Little is known about how isosorbide dinitrate (ISDN) contribute to bathing effects on patients with myocardial infarction. A study using an invasive method was made on 29 patients with myocardial infarction to clarify the hemodynamic changes occurring during bathing with and without sublingual ISDN, and to evaluate the overall effects of the ISDN. In bathing after discontinuing dosing of vasodilators (PRE-ISDN), patients were divided into the following two groups depending on the difference between the peak pulmonary capillary wedge pressure (PCWP) during bathing and PCWP before bathing: Increased PCWP group [(Group A): Δ PCWP≥10mmHg] and Unincreased PCWP group [(Group B): Δ PCWP <10mmHg]. Bathing was taken for 5 minutes at 42°C in a Hubbard tank, hemodynamics were observed during bathing and for 10 minutes after bathing, and after 30 minutes of sublingual administration of 5mg ISDN, bathing was taken in a similar manner. Group A patients showed a greater increase in heart rate, blood pressure, pulmonary arterial pressure (PAP), and right artial pressure than of Group B patients during bathing before being dosed with ISDN, and it seemed to be a considerable load on the heart. Although the remarkable increase of PAP and PCWP observed during the early stage of bathing before dosing with ISDN significantly decreased after sublingual dosing of ISDN (POST-ISDN) among Group A patients, these effects were not found in Group B patients. Group A showed more frequent reinfarction from a clinical viewpoint and triple vessel disease upon coronary arteriography, a lower ejection fraction upon left ventriculography, a higher left ventricular end-diastolic pressure, and lower left ventricular performance in most cases as compared to Group B. Although ISDN was found to be effective for severe cases in which the marked pre-load was observed by bathing, no beneficial effect on mild cases with well-maintained left ventricular performance was obtained.
The effects of artificial sodium sulfate bathing on cardiopulmonary and neurohumoral systems as compared to plain water bathing were studied on five healthy subjects. The results of bathing tests made for 10 minutes at 42°C were as follows: 1) The body surface temperature was higher in three of the five subjects in artificial sodium sulfate bathing than in plain water bathing. The forehead temperature of all subjects in artificial sodium sulfate bathing was higher than in plain water bathing (p<0.05: at 17, 18min. after bathing). The change in oral temperature also showed the same tendency (p<0.05: at 27min. after bathing). 2) The frequency of respiration was less in artificial sodium sulfate bathing than in plain water bathing. Although the heart rate decreased during artificial sodium sulfate bathing as compared to the case of plain water bathing, a clear difference was not observed after bathing. The systolic blood pressure in four of the five subjects decreased in artificial sodium sulfate bathing compared to plain water bathing. One subject, who exhibited low blood pressure before bathing, was restored to his normal blood pressure after artificial sodium sulfate bathing. The sysytolic blood pressure was lower in artificial sodium sulfate bathing than in plain water bathing. (p<0.03: at 20min. after bathing). 3) The serum levels of noradrenalin, adrenalin, serotonin, ADH, renin, aldoster-one, cortisol, β-endorphine, Na+, K+, and Cl- showed no significant differences between the two types of bathing. 4) All subjects felt increased warmth and smoothness of the skin after the artificial sodium sulfate bathing compared to plain water bathing. The above results suggest that the artificial sodium sulfate bathing is superior to plain water bathing in maintaining body temperature, decreasing blood pressure, and feeling (i. e., body warmth and skin texture) after bathing. These effects result from not only the direct action on the skin but also the indirect action due to absorption of the substance through the skin by the mechanism of artificial sodium sulfate bathing.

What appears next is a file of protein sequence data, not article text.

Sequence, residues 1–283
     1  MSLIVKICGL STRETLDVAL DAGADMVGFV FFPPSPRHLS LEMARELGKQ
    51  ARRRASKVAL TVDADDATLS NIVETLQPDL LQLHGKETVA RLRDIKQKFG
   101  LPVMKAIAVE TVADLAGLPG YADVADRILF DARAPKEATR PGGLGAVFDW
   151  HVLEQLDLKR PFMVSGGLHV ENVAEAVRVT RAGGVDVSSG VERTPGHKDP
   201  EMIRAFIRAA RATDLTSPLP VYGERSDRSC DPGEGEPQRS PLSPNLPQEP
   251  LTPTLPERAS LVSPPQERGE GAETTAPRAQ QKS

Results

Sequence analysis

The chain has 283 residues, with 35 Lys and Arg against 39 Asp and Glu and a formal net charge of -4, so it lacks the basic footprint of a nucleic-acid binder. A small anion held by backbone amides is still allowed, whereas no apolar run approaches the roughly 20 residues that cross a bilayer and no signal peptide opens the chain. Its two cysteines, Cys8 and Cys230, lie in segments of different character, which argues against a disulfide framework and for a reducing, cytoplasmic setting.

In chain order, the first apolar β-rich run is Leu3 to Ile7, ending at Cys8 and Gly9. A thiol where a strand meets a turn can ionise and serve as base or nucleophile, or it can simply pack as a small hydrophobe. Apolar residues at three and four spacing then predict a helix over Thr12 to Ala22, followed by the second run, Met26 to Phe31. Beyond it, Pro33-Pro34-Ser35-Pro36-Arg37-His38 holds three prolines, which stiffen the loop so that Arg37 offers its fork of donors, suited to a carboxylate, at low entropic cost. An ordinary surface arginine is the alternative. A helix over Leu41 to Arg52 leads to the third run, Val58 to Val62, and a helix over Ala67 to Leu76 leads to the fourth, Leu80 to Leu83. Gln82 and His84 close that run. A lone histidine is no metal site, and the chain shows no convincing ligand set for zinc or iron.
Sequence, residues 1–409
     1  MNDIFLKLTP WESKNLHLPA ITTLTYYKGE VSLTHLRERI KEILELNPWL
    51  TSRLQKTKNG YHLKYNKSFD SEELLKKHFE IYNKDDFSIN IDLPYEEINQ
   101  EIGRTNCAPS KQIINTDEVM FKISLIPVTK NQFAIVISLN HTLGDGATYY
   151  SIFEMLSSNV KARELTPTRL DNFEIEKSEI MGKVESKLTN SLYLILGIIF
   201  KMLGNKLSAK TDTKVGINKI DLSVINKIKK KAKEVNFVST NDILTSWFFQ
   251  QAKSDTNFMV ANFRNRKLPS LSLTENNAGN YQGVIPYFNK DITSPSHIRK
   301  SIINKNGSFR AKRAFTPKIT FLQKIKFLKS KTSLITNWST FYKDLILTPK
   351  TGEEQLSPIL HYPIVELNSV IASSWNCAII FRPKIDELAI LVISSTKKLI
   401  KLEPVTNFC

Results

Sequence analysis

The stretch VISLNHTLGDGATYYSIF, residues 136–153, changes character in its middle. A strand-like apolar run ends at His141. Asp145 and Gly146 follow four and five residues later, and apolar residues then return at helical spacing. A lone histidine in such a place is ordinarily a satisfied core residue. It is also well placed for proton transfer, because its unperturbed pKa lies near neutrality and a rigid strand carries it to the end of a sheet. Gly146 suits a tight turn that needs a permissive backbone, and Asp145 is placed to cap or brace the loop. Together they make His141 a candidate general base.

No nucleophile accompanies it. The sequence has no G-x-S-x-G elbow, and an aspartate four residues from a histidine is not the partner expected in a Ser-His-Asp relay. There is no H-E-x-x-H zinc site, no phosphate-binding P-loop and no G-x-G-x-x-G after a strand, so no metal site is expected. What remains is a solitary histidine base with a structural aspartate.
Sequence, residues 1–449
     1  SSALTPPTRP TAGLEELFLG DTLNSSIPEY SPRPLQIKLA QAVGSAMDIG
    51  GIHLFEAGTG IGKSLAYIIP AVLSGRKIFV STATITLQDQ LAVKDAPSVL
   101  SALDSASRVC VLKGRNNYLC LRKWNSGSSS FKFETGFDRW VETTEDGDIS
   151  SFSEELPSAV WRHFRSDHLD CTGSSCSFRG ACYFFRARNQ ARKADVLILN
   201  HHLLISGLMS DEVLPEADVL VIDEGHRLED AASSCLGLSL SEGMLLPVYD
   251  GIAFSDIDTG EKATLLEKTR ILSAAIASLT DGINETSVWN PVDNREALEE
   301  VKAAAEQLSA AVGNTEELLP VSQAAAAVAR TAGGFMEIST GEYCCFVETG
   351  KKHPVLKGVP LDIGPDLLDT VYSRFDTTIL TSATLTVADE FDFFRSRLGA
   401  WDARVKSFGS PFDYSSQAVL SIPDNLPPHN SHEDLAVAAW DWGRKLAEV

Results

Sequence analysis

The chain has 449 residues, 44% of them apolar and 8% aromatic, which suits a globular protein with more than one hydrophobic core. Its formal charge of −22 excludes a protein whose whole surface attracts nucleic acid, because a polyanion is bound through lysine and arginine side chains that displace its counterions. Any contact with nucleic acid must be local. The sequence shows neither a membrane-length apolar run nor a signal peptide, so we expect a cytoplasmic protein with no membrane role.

Viability of Pseudomonas aeruginosa was examined by putting it into hot spring collected from seven places. In the acid waters (pH 2.0 to 2.2), the organisms lost their viability immediately at both cultivation temperatures of 37°C and 42°C. In alkaline waters (pH 8.0 to 9.1), the organisms were detected and increased after cultivation for 2 hours at 37°C. The above result suggests that Pseudomonas aeruginosa may be present in whirlpools and/or indoor swimming pools of alkaline waters having a large number of bathers in a relatively small volume of water.